Cheese prices also declined, down 6.9%, returning volatility to the GDT cheddar market. It’s noticeable to reference that the prices across each contract period within the auction, there is wild variation of price, with no trend apparent across the forward curve. As such, we expect GDT cheddar prices to be varied again at the next auction. Volatility has not disappeared.

Three out of the 24 auctions for the New Zealand dairy season means that there is little known about the New Zealand Farmgate Milk Price for the season ahead, with the market spooked as much as we expected following this auction. Sentiment remains somewhat steady, with the SGX Milk Price future only trading down 0.95% following the auction, to $8.35/kgMS. This is still above Fonterra’s current forecast midpoint. On the ground in New Zealand, calves are starting to appear. Calving is underway, and the season is about to kick off in earnest. Farmers look ahead with uncertainty on both milk price and milk production outlooks. We’ll keep an eye on things down under in the months ahead. Back to you, Alyssa.

(6:41) Alyssa:
Thanks Stu, great recap. I think the global market was pretty quiet after that as well, but European Energy Exchange (EEX) Indices reacted just a bit to that GDT Auction and had a hard time finding some solid support. The skim milk powder index fell 3.1% in US dollar terms, settling around $2,580/MT or around $1.17 per pound. Whey indices fell 0.9%, while butter and whole milk powder actually moved slightly higher because of the exchange rate. A quick update on production, European milk collections in Germany and France, when you look at the weekly figures, are ahead of last year’s levels for June, while collections in the UK are slowly catching up to last year’s levels, and Dutch milk production is still significantly lagging behind last year. As a result of adequate milk supplies within the larger producing regions, though, reports suggest that the spot milk market has calmed a bit following a very tense period throughout May when we were short milk. Adequate soil moisture levels across the bulk of the European Union are supporting pasture and milk production during the early stages of summer. However, hot temperatures amid unstable weather in the forecast have the potential to balance that outlook.

Other than that, the rest of the week was really dominated by US-centric data releases. We got May 2024 Dairy Product Production numbers, May Trade Figures, and another look at Weekly Slaughter Rates. We already did an in-depth look at the Dairy Products Report on our Dairy Skim episode on Wednesday, but here’s what you need to know. It was bullish dry whey, slightly bullish cheese, neutral on butter, WPC 34%, WPC 80%, and lactose, slightly bearish nonfat dry milk, and definitely bearish whey protein isolates. Total cheese production logged a second consecutive month of year-over-year increases, but the story was in the line item data. Mozzarella production was up for the third month in a row, while cheddar volume tanked, falling for the seventh consecutive month. Dry whey production dropped year-on-year for the first time in 2024 and fell a sizable 6.8 million pounds from April to May. Copious amounts of butter were churned in May, with the year-to-date total exceeding 1 billion pounds, the first time that production has crossed this threshold before June. Combined production of nonfat dry milk and skim milk powder has recorded a full year of annual decreases, as demand for US product internationally remains pretty poor.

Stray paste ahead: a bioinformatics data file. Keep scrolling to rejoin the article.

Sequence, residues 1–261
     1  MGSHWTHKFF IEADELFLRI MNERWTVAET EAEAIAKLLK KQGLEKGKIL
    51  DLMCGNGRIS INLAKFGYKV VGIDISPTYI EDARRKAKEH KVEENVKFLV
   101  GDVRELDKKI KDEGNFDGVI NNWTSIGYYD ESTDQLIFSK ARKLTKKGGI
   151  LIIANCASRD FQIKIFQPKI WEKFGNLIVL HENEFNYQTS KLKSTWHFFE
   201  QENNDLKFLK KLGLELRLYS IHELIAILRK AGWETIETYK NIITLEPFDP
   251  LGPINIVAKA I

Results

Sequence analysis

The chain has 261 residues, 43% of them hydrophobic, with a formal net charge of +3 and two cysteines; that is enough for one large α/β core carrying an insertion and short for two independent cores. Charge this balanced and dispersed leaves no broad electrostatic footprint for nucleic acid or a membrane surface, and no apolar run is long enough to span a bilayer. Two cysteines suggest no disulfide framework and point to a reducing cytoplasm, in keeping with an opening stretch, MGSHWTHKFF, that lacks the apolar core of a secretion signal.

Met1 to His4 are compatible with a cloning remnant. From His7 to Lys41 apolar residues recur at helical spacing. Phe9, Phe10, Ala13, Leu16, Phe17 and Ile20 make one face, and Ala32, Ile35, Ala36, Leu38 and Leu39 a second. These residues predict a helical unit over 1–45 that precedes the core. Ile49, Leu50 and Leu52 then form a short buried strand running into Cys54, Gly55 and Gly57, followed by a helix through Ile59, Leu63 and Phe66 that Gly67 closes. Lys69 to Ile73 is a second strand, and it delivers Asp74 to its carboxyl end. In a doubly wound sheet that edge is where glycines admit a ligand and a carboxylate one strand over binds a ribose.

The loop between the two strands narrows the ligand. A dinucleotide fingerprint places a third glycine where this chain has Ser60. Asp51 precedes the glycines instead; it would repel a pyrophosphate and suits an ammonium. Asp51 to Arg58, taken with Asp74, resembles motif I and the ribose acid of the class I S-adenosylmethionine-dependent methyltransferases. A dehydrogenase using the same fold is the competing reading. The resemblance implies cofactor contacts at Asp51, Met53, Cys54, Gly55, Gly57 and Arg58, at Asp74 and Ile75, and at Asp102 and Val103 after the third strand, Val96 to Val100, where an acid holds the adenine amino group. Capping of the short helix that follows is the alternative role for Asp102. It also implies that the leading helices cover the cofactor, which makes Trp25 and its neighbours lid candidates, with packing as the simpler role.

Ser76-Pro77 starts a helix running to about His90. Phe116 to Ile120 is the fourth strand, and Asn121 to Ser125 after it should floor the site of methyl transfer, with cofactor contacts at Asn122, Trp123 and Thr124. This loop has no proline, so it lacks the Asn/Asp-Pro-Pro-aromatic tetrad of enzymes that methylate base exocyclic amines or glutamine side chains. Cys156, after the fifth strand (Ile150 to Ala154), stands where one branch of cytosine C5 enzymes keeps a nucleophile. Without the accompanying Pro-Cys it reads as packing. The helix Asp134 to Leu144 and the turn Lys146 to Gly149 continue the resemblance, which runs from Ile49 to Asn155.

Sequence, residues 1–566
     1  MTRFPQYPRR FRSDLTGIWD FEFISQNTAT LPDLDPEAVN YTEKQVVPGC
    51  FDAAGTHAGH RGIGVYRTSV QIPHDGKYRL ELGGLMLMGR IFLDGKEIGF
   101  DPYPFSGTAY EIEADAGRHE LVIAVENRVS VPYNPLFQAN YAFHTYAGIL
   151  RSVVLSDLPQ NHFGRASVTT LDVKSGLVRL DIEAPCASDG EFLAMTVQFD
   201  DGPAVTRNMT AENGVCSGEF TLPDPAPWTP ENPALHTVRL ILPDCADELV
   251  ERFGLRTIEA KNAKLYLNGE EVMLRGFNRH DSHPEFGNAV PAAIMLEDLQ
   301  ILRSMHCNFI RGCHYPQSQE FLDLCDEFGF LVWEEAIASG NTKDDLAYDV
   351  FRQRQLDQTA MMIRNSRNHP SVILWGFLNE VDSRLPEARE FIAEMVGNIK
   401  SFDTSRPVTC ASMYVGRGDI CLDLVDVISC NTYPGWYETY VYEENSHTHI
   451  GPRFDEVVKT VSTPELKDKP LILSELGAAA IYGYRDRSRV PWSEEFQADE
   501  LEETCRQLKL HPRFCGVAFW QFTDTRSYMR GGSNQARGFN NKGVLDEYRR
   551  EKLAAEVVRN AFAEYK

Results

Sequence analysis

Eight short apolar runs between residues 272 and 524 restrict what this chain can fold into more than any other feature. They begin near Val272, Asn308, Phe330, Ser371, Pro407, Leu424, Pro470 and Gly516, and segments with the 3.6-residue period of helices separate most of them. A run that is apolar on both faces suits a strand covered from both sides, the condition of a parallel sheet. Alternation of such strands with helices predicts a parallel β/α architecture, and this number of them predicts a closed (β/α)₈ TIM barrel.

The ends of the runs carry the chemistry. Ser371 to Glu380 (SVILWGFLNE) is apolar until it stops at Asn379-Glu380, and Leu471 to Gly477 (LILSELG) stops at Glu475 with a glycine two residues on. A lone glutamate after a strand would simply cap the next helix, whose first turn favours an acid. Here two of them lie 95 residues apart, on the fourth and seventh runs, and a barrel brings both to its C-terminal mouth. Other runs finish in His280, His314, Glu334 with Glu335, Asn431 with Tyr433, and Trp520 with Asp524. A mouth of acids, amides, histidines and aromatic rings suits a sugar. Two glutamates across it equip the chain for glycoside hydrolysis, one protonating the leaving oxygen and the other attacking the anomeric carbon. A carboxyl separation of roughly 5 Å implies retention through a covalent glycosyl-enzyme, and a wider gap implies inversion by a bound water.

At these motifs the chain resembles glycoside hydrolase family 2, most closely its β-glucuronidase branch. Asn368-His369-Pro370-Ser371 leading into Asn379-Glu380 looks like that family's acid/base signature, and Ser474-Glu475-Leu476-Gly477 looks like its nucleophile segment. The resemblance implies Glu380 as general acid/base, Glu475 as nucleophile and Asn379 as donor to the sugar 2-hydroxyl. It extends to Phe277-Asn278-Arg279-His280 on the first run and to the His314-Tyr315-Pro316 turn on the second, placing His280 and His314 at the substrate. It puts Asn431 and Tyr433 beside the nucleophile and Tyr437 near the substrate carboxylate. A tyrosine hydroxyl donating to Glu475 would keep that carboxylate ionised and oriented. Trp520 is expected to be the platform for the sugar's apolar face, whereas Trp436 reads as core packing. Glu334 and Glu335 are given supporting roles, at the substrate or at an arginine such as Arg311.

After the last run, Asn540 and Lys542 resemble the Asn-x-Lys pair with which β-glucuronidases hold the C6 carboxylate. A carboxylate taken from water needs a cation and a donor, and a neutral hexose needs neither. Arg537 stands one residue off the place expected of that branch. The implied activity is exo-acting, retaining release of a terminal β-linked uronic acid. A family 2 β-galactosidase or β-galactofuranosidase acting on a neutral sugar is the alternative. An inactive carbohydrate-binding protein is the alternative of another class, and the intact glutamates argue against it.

Talking US Trade now, total US dairy exports in May reached 228,990 MT. That’s a 1.7% decrease on May of 2023, and recorded the lowest value for the month since 2020. While exports to Mexico were the second-highest ever recorded, sales to other US trading partners dropped significantly, such as China, Canada, and Southeast Asia. Demand from Southeast Asia was the smallest May total since 2017, dropping 22% relative to last year, on weak nonfat and skim milk powder as well as dry whey exports to the region. However, the US shipped 34,430 MT of dairy products to China, the greatest amount so far this calendar year. Total solids sent abroad were 15.8% of US Milk Production in May, the lowest mark since January 2023, and down 5% from last year.

I think the last thing worth mentioning here is in the weekly slaughter numbers. US Weekly Dairy Cow Slaughter dropped off a cliff once again, falling to the lowest level for week 25 since 2008 at just 44,800 head, which was down 20.7% from a year. The largest drop of the prior year was in Region 5—Minnesota, Wisconsin, Illinois, Michigan, Indiana, and Ohio—at just 11,700 head, which was a 23% drop from a year ago.

All this and more can of course be found on our dashboard, so get in there and check out all the comprehensive analysis that we’ve pushed out this week. Not a customer? No problem. Hit the Free Trial button on the website and we’ll get you set up right away. Thanks for tuning in to this week’s Let’s Chat Dairy. Be sure to subscribe and join us next week for another discussion on dairy fundamentals. If you have any questions or topics you’d like us to cover, feel free to reach out to us via email at info@highgrounddairy.com. Cheers.